Autonomous cars. In this particular case, the implication to a builder is significant. If we can get to a world where cars don’t need people to drive them, then it’s very likely you will be in a world where you don’t need to own a car. And if cars don’t need to be driven by human beings, then you have a world where you can schedule a car and it just shows up…whether you need a two-person car or you want to go on a getaway and need a car for a family of four, or a pickup truck or a mini-van for a group of friends. The transportation you need at the moment you need it just shows up.

If that becomes true, then we also don’t need curbs, streets, garages, driveways and homes with setbacks off of the road. Then how we plan and execute developments is different. How real is it and when is it coming? Ford announced it is going to have an autonomous car in 2021 and is being joined by Volvo, Tesla, Google and others in and around the same time frame. It’s real and happening now, and builders need to start thinking about it now in terms of the entire housing and commercial element.


Drones. People thought technology entrepreneur Jeff Bezos was crazy when he explored the use of drones to deliver packages. Now everyone is looking at it. Drones now have become the hot new thing in transportation; there is amazing stuff happening. Do you remember when you were a kid and watched The Jetsons and they could just get in a car and whip around? It could have been a drone. Drones now are being made with seats that can carry up to 200 pounds. So, we could have drone transportation for people and not just goods.

In addition, Uber just announced its version of a flying car that is more like a drone than a car. The introduction of this technology into the mass market is going to take away garages and driveways, and maybe in my future home, I will just need to have a drone pad for transportation and deliveries.

What would a home with all of these technologies in place look like?

In the world I live in, I have a furnace room that heats my house and has an air-conditioning unit for central air. It’s connected to my electricity supply. So, I have an electrical line that supplies electricity to my house, a pipe to provide natural gas to burn and to create the heat, and a pipe to put in fresh water. All of the waste leaves the house in terms of drains.  In the future home, you’re going to have a carbon supply line that will provide the basic element of all things we have and enjoy on earth…3D printing takes carbon and prints it into whatever shape or object you want. I could envision a 3D printer room that becomes part of the house similar to what the furnace room is today; you wouldn’t buy a house without one.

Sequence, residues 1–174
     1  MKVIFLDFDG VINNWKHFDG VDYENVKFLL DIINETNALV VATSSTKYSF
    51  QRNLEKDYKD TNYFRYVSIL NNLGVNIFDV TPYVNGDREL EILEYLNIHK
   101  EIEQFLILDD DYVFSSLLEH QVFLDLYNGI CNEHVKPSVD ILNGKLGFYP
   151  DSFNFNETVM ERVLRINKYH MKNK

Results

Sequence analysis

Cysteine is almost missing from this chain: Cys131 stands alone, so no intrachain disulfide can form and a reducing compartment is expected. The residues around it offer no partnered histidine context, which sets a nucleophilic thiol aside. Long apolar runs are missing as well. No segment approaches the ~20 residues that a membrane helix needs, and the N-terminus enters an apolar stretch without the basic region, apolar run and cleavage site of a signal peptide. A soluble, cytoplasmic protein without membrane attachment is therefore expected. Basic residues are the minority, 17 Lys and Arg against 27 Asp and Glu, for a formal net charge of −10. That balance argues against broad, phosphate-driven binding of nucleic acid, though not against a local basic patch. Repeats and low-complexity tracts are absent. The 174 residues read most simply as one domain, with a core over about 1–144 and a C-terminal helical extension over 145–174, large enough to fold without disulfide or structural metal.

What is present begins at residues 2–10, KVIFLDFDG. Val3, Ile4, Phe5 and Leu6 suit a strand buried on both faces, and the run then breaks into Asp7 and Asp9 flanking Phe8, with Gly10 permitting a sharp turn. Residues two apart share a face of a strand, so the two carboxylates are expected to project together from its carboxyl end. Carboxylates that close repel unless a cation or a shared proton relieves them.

It would have an Ethernet connection to download a schematic of an object, like a plate or fork. When you want it, your account is debited a license fee of maybe $2 to print the object. You’ll pay the designer, the printer will pop to life, you’ll hear a ‘[b]ing’ and you’ll have a plate ready to use for dinner. In the same house, you could print 12 plates for a nice dinner. Or, you’re online at Target or Costco, and instead of going to get an object you’ve ordered, an autonomous car just shows up so you can go get it or a drone delivers it. A drone delivery might be $10 and an autonomous car $5. With the drone option, within an hour a drone lands on your drone pad and releases the package that you just purchased with the objects for your dinner, including fresh vegetables. Then you have your dinner and people are sitting in your dining room and someone remarks on how beautiful and clean your home is. You could say, ‘It’s courtesy of my nanoparticle paint that allows the room to change moods and color and is always clean.’

Then a guest might drop and break a plate. You pick it up, and instead of putting it in the garbage, you can put it in the 3D disposal can and it puts carbon back into your carbon supply line so you can print another plate later. You also could invite people to sit in your living room, which has 3D-printed couches, or on the patio with a geometric structure that has been 3D printed courtesy of a new company that builds 3D objects that can’t be built by hand because of the geometries. That’s the future of the home or the abode you would be living in. That future is in about 20 to 25 years; it’s totally real today and coming.

Do you think Los Angeles will see these technologies in the very near future?

L.A. already has autonomous cars. Last November, Mayor Garcetti was driven from City Hall to the L.A. Convention Center in an autonomous Volvo as part of the L.A. Auto Show. This year, the L.A. Auto Show will present Local Motors, a company out of Phoenix that did a 3D-printed, autonomous bus named Olli in partnership with IBM that is already up and running in Washington, D.C. You can get on the bus and it will say, ‘Welcome aboard Olli. Where are you going today?’ And then you use regular, natural language, like, ‘I want to go to the Washington Monument,’ and Olli will take you there. Four years ago, L.A. Auto Show head Lisa Kaz recognized the transformation that was happening in the transportation industry and knew the auto show industry needed to change.

So, she introduced, in conjunction with the L.A. Auto Show, a Connected Car Expo to showcase the best in technology, including the autonomous car. L.A. is now the epicenter of all things transportation and connectivity and the movement of goods and services. On top of that, you have the mayor who is committed to making the city of L.A. and greater L.A. County an epicenter of things related to transportation.